Firefighters set technical rescue plan for Niagara Falls stunt

Primary and backup rescue plans are in place for Friday's high-wire walk across Niagara Falls

By Jay Rey
The Buffalo News

NIAGARA FALLS, Ont. — Nik Wallenda has a backup plan should he need to be rescued Friday during his walk across Niagara Falls on a two-inch-wide steel cable.

But just in case, Canadian and American authorities are ready with a backup plan to his backup plan.

"One of the conditions of the Niagara Parks Commission contract with Nik Wallenda was that he was supposed to furnish his own rescue plan," explained Douglas Kane, chief of the Niagara Parks Police Service in Canada. "We've reviewed it. We're happy with it."

Kane's comments came after a news conference Friday morning in Niagara Falls, Ont., where much of the discussion was about public safety and police preparations for handling as many as 120,000 spectators expected to converge on Queen Victoria Park for Wallenda's high-wire walk.

But Kane also touched on Wallenda's own safety and a plan of action should a rescue be necessary.

Wallenda — whose sponsors insisted he be tethered to the cable during his 1,800-foot wire-walk — has a private security team ready should he slip or be left dangling in the middle of the gorge.

Wallenda will have two "baskets" or trolley carts positioned on either side of the Falls and attached to the wire using a pulley system, said Terry Troffer, Wallenda's father and safety coordinator.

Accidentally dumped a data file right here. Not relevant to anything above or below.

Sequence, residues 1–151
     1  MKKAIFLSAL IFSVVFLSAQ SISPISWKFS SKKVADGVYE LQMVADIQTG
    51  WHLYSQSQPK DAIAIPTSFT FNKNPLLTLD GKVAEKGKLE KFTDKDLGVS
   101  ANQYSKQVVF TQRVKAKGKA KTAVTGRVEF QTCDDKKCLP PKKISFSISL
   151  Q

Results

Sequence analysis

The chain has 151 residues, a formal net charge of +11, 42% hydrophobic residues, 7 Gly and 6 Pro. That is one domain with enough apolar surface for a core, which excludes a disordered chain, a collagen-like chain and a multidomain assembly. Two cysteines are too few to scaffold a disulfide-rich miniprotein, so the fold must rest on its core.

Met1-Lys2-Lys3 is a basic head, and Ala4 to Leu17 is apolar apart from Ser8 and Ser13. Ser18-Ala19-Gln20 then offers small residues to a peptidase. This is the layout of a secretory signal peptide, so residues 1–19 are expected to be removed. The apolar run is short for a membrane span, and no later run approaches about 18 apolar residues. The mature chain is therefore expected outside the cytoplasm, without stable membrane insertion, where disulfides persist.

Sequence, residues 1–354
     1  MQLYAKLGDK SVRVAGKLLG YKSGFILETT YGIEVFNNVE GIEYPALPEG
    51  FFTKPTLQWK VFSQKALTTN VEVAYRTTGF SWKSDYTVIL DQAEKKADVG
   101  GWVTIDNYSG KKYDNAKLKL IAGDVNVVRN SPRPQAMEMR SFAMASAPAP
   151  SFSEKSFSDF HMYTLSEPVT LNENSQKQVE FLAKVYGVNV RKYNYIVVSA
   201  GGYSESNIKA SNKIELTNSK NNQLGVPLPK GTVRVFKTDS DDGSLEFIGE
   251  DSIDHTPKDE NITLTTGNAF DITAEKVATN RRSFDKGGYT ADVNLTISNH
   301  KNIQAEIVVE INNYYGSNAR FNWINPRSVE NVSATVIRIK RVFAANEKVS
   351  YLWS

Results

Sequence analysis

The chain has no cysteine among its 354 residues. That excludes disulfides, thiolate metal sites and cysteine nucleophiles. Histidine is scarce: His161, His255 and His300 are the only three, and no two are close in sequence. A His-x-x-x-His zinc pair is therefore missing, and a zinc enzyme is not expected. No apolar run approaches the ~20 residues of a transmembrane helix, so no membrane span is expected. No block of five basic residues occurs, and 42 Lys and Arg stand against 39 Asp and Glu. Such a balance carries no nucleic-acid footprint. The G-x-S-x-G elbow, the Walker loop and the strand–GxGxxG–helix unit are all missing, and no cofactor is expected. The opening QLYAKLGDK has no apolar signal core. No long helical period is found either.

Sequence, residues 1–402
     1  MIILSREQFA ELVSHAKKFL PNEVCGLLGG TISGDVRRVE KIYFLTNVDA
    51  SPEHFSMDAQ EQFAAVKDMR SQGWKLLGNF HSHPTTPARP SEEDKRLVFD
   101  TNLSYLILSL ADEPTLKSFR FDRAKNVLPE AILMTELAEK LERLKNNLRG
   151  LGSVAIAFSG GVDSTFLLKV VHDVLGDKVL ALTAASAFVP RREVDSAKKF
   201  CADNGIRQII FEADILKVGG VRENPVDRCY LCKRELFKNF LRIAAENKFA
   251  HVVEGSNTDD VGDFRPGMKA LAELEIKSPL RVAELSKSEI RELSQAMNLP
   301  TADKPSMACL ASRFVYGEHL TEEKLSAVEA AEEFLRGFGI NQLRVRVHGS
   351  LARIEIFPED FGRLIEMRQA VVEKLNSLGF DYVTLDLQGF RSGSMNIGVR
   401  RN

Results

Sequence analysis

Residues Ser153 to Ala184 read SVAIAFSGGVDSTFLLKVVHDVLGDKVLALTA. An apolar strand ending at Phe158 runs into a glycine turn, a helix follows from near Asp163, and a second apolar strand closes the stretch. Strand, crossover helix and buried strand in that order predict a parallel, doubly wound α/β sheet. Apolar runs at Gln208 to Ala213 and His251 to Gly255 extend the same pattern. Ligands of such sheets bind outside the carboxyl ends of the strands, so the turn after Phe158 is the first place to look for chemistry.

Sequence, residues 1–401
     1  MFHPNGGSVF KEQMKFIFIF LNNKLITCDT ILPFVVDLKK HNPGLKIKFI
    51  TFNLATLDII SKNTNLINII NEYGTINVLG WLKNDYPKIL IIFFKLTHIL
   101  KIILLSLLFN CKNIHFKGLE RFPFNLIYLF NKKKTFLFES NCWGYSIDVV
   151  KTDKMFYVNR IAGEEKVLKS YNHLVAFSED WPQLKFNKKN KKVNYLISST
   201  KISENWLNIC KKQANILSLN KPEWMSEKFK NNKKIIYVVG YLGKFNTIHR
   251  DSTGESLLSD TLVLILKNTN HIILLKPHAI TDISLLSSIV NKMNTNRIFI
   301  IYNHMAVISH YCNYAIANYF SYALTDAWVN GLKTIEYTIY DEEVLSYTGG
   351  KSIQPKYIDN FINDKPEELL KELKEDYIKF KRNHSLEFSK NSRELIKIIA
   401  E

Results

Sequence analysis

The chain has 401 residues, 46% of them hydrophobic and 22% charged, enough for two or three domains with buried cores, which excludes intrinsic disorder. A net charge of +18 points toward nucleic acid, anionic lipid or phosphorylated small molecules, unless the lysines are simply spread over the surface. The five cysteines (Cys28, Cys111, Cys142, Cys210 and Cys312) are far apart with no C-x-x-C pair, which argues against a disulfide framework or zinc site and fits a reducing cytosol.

"It's really kind of straightforward," Troffer said by phone on Friday. "We have a rescue cart on each end of the line. There will be a person there manning each cart. If it so happens Nik needs a rescue, these guys are going to roll out there — depending on which side he's closest to — get him, retrieve him and bring him back."

The rescue baskets will be operated by O'Connell Electric, based in Henrietta, which also was hired to string the cable across the gorge.

"Actually, we're pretty excited," said Randy Fletcher, an O'Connell general foreman.

The baskets are about 2 feet wide and 3 feet long — just enough for two people — and can be operated by hand or mechanically by a winch attached to one of the company trucks, Fletcher said.

The equipment is normally used for working on high-voltage lines. In fact, Fletcher said, the company has used them on lines crossing the Hudson River.

"It's an approved engineered device, and we've seen them train on that," Kane said. "We're pleased with it. [Wallenda's] done a great job, and we have full confidence there will be no problem."

However, Canadian and American authorities have a contingency plan of their own.

Park police from Canada and the U.S. bought a $3,800 zipline system from a Utah company called ZipRescue, said Lt. Patrick Moriarty with the New York State Park Police.

The lightweight equipment — typically used to rescue skiers from gondolas — has a harness and elaborate pulley system so a rescuer can slide out onto the wire and retrieve Wallenda.

A team of 10 park police and firefighters from both sides of the border has been practicing together on the zipline about once a week since late April, just in case they're called into action, Moriarty said.

"So we do have a backup plan to their backup," Kane said. "However, I think his should suffice."

There will be a large police presence in and around the Queen Victoria Park and Fallsview areas as security for as many as 120,000 spectators at the event, Kane said during Friday's news conference at Table Rock, where Wallenda will end his walk.

"We deal with 50,000 to 60,000 people New Year's Eve," Kane said. "Fortunately, in this situation at least we have warm weather to deal with and alcohol won't be a significant factor. I think we're in pretty good shape."

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